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Saturday, Nov 22, 2014
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migraine_in_qcy - Quincy Regional Airport makes another late season push for 10,000 departures - Quincy, IL News - Qui
Funny, I thought GuyFawkes10 was suggesting that the people would indeed fly to STL, and then shuttles would drive them back to Quincy. Sounds like enplanements to me.
eaglebeaky - Quincy Regional Airport makes another late season push for 10,000 departures - Quincy, IL News - Qui
With all due respect, I'm gonna go out on a limb and say that there has got to be a rule against what you are suggesting. In order to receive the federal aviation grant, there have to be 10,000 enplanements. (Enplanements are not the number of tickets that are sold, it's the number of ticketed passengers who actually travel on the flights.) If what you're suggesting was allowed, the…
GoQuincy - QPD Blotter for November 22, 2014 - Quincy, IL News - QuincyJournal.com
Is there a list somewhere on the city's website of how many council meetings attended and or missed by aldermen? If not there should be. That is just as important if not more than Mayor Moore's City report card ie., "how are we doing".
CoolEdge - Strawman: The Guy the Liberal Press Doesn\'t Know Exists..... - Quincy, IL News - QuincyJournal.com
This is off topic, but your claims like this really need a link, instead of you spewing Democrat talking points on every issue. "a guy paid by oil companies to tell you that extreme levels of his company's byproduct are okeydokey can be more convincing than the near-entirety of Earth's scientists" Who is that oil company guy? And who is "the near entirety" guy? I read the actual…
SeenTheLight1 - Mann not seeking re-election to Quincy City Council - Quincy, IL News - QuincyJournal.com
Good Luck Eric !

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Poll shows opposition to extending tax hike

7 months, 4 weeks ago From pantagraph.com

From From pantagraph.com:

As Gov. Pat Quinn prepares to deliver his annual budget speech Wednesday, a new poll shows Illinoisans strongly oppose extending the state's temporary income tax increase.

The results of the survey by the Paul Simon Public Policy Institute at Southern Illinois University in Carbondale mirror the tough choices facing Quinn and members of the General Assembly as they head toward a May 31 target to have a new spending plan in place.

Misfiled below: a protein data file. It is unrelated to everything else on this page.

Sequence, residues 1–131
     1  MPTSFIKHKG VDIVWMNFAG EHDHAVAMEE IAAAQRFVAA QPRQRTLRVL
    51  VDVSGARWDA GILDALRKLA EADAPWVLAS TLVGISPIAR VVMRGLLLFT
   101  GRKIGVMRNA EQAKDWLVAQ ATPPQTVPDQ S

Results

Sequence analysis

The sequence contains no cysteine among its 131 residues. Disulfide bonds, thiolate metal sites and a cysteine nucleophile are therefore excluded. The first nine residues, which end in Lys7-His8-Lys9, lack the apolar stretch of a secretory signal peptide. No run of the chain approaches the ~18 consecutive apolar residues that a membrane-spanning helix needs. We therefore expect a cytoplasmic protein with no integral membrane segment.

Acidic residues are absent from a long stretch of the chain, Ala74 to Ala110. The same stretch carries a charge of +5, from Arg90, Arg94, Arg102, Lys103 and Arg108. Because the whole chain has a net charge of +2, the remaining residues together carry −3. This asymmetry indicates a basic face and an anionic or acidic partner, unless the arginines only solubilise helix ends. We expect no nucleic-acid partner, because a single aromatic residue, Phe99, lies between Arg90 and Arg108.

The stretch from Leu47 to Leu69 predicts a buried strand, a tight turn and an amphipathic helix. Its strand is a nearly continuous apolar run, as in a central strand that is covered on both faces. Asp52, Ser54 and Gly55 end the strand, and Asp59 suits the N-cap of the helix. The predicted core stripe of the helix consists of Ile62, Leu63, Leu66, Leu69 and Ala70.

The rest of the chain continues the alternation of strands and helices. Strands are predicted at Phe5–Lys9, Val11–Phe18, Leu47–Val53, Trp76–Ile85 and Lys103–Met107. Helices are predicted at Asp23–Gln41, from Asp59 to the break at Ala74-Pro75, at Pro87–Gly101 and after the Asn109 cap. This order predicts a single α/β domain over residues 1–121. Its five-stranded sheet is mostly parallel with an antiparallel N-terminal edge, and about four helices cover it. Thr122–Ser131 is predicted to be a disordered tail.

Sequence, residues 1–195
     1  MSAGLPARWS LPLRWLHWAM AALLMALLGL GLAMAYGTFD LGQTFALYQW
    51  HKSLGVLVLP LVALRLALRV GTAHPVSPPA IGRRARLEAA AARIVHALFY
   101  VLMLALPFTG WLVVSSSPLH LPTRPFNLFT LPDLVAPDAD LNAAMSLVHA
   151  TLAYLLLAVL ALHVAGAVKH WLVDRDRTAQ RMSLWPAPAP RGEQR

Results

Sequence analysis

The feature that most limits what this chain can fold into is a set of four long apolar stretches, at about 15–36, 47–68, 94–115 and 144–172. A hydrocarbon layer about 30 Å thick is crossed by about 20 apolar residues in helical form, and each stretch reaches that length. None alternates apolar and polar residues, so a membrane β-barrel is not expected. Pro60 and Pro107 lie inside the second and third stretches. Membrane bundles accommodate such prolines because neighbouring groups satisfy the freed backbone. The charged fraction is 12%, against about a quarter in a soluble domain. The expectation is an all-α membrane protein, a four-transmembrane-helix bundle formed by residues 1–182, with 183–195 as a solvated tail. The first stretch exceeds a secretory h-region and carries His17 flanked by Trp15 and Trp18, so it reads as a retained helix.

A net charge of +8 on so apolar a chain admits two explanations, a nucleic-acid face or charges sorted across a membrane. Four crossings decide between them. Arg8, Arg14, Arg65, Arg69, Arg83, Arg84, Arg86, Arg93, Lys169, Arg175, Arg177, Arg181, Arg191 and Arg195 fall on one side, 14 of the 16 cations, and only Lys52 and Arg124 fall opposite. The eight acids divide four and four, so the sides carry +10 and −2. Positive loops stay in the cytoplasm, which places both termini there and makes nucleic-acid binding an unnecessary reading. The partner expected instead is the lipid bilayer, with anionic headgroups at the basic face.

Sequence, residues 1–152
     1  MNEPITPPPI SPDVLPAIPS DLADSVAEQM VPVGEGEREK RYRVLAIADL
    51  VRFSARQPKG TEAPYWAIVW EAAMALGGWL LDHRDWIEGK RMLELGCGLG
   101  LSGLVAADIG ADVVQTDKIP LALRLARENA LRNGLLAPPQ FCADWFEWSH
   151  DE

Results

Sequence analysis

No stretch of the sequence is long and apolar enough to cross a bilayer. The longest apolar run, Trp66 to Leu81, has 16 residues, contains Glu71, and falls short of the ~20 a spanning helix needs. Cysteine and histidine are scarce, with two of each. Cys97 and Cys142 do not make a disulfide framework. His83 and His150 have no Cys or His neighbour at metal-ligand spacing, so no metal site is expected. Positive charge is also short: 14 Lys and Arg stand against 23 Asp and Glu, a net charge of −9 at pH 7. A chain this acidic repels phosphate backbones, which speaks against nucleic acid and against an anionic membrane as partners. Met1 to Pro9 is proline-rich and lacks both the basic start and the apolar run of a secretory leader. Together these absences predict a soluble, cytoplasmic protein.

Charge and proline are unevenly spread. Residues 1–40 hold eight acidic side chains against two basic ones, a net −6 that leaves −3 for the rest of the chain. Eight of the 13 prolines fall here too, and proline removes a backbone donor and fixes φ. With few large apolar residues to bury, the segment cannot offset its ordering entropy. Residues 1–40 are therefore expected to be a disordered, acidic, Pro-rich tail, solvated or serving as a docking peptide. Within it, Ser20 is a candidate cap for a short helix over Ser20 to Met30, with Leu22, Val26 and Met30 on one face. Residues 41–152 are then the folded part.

Although the poll showed 60 percent of the 1,001 registered voters strongly opposed extending the tax increase when it begins to roll back on Jan. 1, it also found opposition to cutting money for schools, prisons, police, parks, pensions and programs for poor people.

John Jackson, one of the SIU political scientists directing the poll, said the results "point to a basic incongruity in public opinion."

"This contradiction has produced the state’s structural budget deficit, which has proved to be very difficult for political leaders to address," Jackson said.

Quinn, who is in the midst of a re-election battle against Republican Bruce Rauner, will outline a financial blueprint Wednesday that is expected to address how he plans to deal with the reduction of the state's income tax rate from 5 percent to 3.75 percent.

The estimated $1.6 billion in lost revenue from the rollback comes as costs for some programs are on the rise, bringing the total funding gap to about $2.3 billion, according to Democrats in the Senate.

To highlight the tough choices facing lawmakers, lawmakers held a hearing Friday in which Quinn's top aides outlined what would happen to various state programs if a 20 percent budget cut were imposed.

Along with closing multiple state prisons and slashing funds for schools, the aides said such a reduction would gut spending on programs for seniors and poor people.

Quinn originally was scheduled to deliver his budget address more than a month ago. He has not said how he plans to handle the tax cut.

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